HOW TO LEAD YOUR BUSINESS THROUGH CRISIS
Every day, the news gets bleaker. With the coronavirus crisis deepening, the full economic effect is starting to become clear. The latest headlines make very grim reading. Nearly a fifth of small and medium-sized businesses are unlikely to get the cash they need to survive the next four weeks, in spite of government support.
Mental health will increasingly become an issue. In China, the evidence suggests week four of the lockdown was unbearable for large numbers of employees. The next two weeks will seem increasing bleak as many go through the stages one would normally associate with grief (see recommended article from HBR below).
This crisis seems to be polarising. Last week, I spoke to business leaders whose revenues had dropped off a cliff and others who were busier than they’d ever been. Regardless of the situation in your business, what’s needed now is a firm grip, nerves of steel and deep reserves of energy. As CEO, your role is now Chief Energy Officer. And it’s going to be exhausting, relentless and thankless work.
I’ve been there. Back in 2001, as the dotcom bubble was bursting and weeks before 911, I joined Rackspace. In that recession, we grew the UK business to £30m in five years. Then in 2007, I took over as MD of ITLab. The global financial crisis (GFC) had begun to develop. Turnover went from £8m to £5m overnight. Our customer base of small London businesses was terrified and instantly stopped their discretionary spend. No-one was buying printers, pcs or servers, let alone having them installed. My company was losing £65K per month and we were months away from bankruptcy. But, after a monumental effort, we managed to turn things around.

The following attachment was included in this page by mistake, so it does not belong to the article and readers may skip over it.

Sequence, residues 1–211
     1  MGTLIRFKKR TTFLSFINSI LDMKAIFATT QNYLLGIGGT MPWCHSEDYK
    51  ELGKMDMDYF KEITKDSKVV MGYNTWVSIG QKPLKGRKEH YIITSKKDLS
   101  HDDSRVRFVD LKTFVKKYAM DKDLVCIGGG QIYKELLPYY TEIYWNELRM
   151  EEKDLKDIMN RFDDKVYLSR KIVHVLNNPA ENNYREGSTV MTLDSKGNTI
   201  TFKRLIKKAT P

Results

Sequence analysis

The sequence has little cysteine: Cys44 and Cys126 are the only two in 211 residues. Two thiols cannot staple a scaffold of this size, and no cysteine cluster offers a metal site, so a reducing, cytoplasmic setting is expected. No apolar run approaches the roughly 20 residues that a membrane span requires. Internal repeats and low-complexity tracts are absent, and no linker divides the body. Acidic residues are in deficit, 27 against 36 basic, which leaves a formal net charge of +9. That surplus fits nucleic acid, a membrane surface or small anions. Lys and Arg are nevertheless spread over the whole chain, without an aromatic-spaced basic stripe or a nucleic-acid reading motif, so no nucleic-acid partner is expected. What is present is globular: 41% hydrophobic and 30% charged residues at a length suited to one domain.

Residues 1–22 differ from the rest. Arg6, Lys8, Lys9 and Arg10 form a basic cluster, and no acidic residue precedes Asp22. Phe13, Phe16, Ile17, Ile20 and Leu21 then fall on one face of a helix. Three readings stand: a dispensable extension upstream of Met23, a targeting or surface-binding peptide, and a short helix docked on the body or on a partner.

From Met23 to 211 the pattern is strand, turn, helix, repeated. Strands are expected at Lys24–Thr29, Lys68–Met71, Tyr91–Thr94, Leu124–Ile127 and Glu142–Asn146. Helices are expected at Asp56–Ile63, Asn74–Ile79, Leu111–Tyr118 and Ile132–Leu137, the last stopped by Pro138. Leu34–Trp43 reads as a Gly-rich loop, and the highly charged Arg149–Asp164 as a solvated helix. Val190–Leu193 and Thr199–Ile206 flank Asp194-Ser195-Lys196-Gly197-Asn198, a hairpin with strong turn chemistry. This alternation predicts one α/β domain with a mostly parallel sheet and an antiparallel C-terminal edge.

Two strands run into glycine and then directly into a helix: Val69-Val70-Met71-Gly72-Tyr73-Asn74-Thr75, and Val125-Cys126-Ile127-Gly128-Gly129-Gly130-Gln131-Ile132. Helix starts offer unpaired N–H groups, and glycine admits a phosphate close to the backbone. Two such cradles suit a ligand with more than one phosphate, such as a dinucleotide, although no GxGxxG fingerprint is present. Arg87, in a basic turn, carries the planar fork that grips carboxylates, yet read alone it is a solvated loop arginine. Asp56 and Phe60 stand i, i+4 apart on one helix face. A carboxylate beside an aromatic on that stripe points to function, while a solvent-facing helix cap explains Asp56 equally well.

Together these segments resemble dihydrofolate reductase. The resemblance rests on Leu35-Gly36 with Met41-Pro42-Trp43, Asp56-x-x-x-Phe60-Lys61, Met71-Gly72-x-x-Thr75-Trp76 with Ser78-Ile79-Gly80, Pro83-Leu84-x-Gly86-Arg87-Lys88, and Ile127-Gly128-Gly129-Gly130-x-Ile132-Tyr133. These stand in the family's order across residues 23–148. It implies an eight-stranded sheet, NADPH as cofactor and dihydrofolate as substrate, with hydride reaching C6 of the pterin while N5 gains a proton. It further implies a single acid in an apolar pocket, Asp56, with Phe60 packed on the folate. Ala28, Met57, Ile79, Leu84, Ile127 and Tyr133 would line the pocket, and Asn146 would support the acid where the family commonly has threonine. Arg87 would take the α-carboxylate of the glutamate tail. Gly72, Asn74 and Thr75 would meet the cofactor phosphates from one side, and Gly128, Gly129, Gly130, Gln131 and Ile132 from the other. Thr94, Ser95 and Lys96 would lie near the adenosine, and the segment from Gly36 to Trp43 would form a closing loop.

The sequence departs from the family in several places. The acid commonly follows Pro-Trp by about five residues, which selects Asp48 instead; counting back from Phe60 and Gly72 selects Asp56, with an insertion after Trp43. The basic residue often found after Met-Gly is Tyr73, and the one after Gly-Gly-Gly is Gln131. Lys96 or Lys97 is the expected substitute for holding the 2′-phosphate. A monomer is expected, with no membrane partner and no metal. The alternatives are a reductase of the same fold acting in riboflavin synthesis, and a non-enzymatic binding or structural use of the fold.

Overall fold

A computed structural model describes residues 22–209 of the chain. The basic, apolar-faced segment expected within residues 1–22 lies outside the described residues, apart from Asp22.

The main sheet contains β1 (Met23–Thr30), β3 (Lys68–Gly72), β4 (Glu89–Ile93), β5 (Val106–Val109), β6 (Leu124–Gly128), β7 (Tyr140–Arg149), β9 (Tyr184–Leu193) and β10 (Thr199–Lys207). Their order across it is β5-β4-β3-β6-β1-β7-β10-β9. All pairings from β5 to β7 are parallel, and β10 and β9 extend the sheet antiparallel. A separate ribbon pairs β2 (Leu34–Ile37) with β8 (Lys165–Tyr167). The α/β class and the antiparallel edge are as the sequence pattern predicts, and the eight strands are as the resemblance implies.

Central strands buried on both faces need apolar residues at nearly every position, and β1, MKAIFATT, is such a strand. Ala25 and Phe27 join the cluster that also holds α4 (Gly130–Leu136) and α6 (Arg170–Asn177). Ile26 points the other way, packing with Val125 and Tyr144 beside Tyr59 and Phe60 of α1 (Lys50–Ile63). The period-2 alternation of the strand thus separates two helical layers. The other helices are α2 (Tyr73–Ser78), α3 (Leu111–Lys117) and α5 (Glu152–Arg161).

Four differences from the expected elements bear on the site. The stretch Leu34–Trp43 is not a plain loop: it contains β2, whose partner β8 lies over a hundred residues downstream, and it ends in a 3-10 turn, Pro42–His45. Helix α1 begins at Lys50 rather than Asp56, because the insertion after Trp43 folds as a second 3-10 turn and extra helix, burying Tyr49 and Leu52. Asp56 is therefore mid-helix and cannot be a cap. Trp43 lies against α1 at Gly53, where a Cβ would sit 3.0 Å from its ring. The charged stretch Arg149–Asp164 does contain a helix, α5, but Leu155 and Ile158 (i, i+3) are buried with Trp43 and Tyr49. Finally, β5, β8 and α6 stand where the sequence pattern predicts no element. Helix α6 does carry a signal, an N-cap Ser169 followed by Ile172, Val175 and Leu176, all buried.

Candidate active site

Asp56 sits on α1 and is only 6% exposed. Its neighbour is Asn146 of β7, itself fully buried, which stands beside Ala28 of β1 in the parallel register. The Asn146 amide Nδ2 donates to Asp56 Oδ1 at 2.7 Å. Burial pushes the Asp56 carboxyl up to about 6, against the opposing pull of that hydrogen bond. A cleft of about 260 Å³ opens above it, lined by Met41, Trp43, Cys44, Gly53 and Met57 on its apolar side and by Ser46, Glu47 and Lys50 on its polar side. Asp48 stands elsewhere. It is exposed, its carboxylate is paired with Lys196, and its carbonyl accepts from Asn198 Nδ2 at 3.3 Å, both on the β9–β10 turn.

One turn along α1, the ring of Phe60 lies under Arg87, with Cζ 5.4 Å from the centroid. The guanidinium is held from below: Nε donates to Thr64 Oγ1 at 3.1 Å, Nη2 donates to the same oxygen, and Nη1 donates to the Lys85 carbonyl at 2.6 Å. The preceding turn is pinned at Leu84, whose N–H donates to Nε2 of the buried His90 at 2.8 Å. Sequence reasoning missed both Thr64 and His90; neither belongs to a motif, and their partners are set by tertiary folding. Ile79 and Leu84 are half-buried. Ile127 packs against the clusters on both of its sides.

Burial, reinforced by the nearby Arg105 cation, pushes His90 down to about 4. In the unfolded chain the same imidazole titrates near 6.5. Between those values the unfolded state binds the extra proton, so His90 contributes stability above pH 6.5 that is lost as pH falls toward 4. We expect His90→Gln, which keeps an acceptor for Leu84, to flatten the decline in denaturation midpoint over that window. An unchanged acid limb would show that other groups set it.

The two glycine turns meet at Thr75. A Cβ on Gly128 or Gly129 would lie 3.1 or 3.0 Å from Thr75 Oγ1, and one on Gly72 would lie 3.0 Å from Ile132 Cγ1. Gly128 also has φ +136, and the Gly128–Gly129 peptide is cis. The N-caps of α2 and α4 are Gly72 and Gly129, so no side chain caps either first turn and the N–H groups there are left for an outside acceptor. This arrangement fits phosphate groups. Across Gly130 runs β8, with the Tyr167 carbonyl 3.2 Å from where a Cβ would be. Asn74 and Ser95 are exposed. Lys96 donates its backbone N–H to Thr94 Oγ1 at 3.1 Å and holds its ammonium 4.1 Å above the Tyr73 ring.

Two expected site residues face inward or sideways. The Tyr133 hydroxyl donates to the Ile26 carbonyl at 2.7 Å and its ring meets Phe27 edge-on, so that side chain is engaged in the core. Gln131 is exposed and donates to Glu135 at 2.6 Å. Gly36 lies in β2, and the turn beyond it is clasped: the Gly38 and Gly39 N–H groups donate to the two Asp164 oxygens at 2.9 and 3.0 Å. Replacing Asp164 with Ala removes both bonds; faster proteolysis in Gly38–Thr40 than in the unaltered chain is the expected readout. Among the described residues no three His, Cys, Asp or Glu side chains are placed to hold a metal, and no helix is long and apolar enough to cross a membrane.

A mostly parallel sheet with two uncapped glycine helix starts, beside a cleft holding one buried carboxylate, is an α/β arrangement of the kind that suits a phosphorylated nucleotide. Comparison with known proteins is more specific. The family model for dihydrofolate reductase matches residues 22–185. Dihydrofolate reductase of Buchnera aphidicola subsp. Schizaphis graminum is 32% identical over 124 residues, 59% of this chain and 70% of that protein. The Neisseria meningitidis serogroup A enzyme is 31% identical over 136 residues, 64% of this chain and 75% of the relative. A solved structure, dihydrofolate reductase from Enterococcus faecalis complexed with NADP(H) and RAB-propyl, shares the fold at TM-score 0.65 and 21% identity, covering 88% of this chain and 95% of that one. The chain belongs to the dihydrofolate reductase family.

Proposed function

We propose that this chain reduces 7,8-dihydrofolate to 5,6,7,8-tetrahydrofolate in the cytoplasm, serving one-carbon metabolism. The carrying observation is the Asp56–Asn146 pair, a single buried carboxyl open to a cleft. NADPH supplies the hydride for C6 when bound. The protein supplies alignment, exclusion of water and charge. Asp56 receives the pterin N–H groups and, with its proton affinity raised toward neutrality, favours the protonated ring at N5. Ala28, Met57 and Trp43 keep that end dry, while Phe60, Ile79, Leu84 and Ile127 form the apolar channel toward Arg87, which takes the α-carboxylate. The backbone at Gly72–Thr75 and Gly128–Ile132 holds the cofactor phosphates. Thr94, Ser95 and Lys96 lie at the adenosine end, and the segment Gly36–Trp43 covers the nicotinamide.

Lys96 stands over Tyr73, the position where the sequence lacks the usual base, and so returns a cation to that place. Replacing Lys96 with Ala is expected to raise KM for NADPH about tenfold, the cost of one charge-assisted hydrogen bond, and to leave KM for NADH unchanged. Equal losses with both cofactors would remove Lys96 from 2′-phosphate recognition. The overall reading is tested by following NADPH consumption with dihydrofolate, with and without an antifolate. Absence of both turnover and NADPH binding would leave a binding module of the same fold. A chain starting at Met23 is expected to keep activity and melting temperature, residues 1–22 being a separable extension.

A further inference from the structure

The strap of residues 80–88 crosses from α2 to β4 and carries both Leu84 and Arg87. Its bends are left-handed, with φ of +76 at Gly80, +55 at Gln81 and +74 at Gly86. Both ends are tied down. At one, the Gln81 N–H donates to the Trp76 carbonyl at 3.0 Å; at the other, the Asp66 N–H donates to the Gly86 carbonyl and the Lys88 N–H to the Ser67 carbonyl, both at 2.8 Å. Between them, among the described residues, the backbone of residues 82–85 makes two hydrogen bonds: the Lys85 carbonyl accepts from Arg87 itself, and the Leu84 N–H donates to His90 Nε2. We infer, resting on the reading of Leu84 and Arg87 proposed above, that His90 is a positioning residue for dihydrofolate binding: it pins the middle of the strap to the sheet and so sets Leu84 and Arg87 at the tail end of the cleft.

In the last recession, and with the GFC still in full swing, I left ITLab and launched Peer 1 Hosting in the UK. We grew that firm to £30m in five years. It can be done!
So how do you get through this? Based on experience, here are my tips for leading your business through a crisis.
Patty McCord: Queen of the Good Goodbye
You may not have heard of Patty McCord directly, but if you’re in HR or recruitment, you’ll have likely heard of her work. Patty was Chief Talent Officer at Netflix for 14 years and co-author (alongside Netflix CEO Reed Hastings) of the infamous Netflix culture deck. This document was one of the first slides on Slideshare and is probably one of the most viewed documents up there too.
Patty has worked in many different tech companies in and around Silicon Valley, and today she is often in the media with interviews and articles, as well as speaking at CEO forums and business schools. But it is her work at Netflix that she is most known for. While at Netflix she abolished performance reviews as well as challenged the need for policies. Patty firmly believes people come to work as fully formed adults with a desire to make an impact and be proud of what they do.
“It starts with the idea that people are adults and that they’re smart, right. And so what I mean by that is, people who have demonstrated the ability to make a commitment and follow through, I mean, that’s sort of baseline 101 for adult behaviour.”